Major salivary glands are examined for the presence of any pain, firmness, or enlargement. The amount and quality of saliva coming from the ducts inside the mouth is assessed.
Examination of the mouth
There may be very little or no pooled saliva on the floor of the mouth. The saliva may appear stringy, ropy, or foamy.
The presence of dry, sticky or reddish oral mucosa is inspected.
Occasionally, fungal or yeast infections will be present, appearing as removable white plaques on the inner mucosal surface of the mouth.
Several office tests and techniques can be utilized to detect the abnormal functioning of the salivary glands.
These tests are as follows:
Also known as salivary flow measurement, it is a simple test or procedure that measures the flow rate of saliva.
In this test, collection devices are placed over the parotid gland or the submandibular/sublingual salivary gland at the opening of the duct, and saliva is stimulated with citric acid.
The normal salivary flow rate for the parotid gland when it is not stimulated is 0.4 to 1.5 mL/min/gland.
The normal flow rate for
restingthe whole saliva is 0.3 to 0.5 mL/min; for stimulated saliva, 1 to 2 mL/min.
Values less than 0.1 mL/min are generally considered xerostomic.
It is an imaging technique that may be used to detect any masses or stones in the salivary gland. It involves the injection of radio-opaque dye into the salivary glands.
It can be useful in assessing salivary gland function. Technetium-99m sodium pertechnate is injected intravenously to ascertain the rate and density of uptake and the time of excretion in the mouth.
Minor salivary gland biopsy is often used in the diagnosis of Sjögren’s syndrome (SS), HIV-salivary gland disease, sarcoidosis, amyloidosis, and graft-versus-host disease (GVHD). Biopsy of major salivary glands is an option when malignancy (cancer) is suspected.
In addition to accessing the salivary glands, some blood tests may also help in detecting any underlying infection or disease. The tests are:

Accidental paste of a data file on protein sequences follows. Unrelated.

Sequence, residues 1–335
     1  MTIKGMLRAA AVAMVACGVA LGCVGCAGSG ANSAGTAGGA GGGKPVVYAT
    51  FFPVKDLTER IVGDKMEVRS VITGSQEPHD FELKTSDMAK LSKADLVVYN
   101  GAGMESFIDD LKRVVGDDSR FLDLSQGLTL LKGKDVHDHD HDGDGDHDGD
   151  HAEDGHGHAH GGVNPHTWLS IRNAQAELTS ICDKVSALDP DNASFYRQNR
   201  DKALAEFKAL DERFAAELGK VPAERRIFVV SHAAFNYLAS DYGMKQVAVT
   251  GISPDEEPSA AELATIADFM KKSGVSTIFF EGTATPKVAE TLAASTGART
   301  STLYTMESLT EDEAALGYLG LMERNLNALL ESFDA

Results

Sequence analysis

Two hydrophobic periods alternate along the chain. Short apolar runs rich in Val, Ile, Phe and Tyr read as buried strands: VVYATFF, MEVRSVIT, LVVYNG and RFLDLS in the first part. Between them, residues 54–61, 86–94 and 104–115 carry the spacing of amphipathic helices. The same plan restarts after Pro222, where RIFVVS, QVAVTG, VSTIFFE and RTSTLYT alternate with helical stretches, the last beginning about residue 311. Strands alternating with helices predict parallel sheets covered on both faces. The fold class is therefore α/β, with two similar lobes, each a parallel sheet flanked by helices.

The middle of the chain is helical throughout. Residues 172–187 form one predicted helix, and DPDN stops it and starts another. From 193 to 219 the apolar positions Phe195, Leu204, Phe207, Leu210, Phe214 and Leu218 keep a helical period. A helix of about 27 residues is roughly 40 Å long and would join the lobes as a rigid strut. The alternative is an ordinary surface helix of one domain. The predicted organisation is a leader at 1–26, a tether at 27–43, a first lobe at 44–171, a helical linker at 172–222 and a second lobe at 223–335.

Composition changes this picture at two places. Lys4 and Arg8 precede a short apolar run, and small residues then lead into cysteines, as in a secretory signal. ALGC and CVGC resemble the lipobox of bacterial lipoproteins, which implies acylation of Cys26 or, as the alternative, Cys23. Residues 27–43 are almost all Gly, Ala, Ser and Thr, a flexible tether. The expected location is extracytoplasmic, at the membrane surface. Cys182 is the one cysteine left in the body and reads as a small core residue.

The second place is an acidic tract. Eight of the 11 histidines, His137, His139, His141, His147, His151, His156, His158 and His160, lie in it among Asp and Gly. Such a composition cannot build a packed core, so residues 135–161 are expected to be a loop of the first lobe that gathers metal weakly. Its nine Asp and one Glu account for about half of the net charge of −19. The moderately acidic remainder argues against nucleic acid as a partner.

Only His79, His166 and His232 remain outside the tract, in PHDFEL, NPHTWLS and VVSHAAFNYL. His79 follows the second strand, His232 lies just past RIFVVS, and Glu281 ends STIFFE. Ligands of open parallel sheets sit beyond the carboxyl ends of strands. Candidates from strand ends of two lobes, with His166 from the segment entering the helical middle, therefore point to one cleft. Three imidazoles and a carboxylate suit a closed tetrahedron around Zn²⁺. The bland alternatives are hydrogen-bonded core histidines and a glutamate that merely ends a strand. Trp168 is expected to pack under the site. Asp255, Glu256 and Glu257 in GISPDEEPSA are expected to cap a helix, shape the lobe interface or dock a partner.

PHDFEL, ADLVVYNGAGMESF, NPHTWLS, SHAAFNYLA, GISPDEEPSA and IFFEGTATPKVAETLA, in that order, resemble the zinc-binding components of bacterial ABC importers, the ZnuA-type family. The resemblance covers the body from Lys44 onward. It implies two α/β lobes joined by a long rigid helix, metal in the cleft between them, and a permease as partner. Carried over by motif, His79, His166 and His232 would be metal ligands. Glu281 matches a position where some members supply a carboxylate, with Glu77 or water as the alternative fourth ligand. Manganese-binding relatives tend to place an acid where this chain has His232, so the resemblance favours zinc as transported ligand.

Complete blood count (CBC)
Blood sugar tests
These can be used as artificial saliva that help replace the lost moisture and lubricate the mouth.
These substitutes are available commercially, but they can also be compounded.
Artificial salivas do not stimulate salivary gland production but are designed to mimic natural saliva.
Thus, they are considered as replacement therapy rather than a cure.
These salivary substitutes are available commercially as solutions, sprays, gels, and lozenges.
In general, they contain an agent to increase viscosity such as carboxymethylcellulose or hydroxyethylcellulose, minerals such as calcium and phosphate ions and fluoride, preservatives such as methylparaben or propylparaben, and flavoring and related agents.
A recently developed product called natrol dry mouth relief, which has a patented pharmaceutical grade of anhydrous crystalline maltose (ACM) is used to stimulate saliva production.
It has been used in a clinical study of patients with Sjogren’s syndrome and ACM was shown to increase secretions.
Natrol dry mouth relief is formulated as lozenges that can be dissolved in the mouth three times daily.
As its effect is to stimulate salivary glands, it is not recommended for patients whose salivary gland function has been lost through radiation therapy.
Pilocarpine: Pilocarpine is a muscarinic (M3) agonist which stimulates the secretion of saliva. It is indicated for the treatment of symptoms of xerostomia due to salivary gland hypofunction caused by Sjogren’s syndrome or by radiotherapy for cancer of the head and neck area.
Cevimeline: Cevimeline is a cholinergic agonist with a high affinity towards the muscarinic M3 receptors located on lacrimal and salivary gland epithelium, leading to an increase in the secretions of the exocrine glands. It is used to relieve the symptoms of xerostomia in patients with Sjogren’s syndrome.